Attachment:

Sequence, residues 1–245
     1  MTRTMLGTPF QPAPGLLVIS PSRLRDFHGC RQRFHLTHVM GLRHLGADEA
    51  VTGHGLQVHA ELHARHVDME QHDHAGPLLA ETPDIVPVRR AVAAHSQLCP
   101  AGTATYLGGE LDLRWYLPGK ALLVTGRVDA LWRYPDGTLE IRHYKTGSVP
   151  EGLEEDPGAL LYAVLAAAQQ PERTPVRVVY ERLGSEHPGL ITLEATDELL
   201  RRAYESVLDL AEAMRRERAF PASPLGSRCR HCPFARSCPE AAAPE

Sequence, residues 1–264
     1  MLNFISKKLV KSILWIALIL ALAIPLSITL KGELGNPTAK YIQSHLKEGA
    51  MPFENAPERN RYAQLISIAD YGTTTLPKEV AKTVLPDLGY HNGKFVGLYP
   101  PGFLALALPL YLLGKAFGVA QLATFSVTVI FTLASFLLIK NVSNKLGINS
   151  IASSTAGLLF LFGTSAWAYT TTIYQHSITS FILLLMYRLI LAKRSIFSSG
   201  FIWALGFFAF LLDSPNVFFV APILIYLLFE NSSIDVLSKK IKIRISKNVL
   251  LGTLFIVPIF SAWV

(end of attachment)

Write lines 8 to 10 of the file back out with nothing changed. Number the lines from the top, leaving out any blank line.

     1  MLNFISKKLV KSILWIALIL ALAIPLSITL KGELGNPTAK YIQSHLKEGA
    51  MPFENAPERN RYAQLISIAD YGTTTLPKEV AKTVLPDLGY HNGKFVGLYP
   101  PGFLALALPL YLLGKAFGVA QLATFSVTVI FTLASFLLIK NVSNKLGINS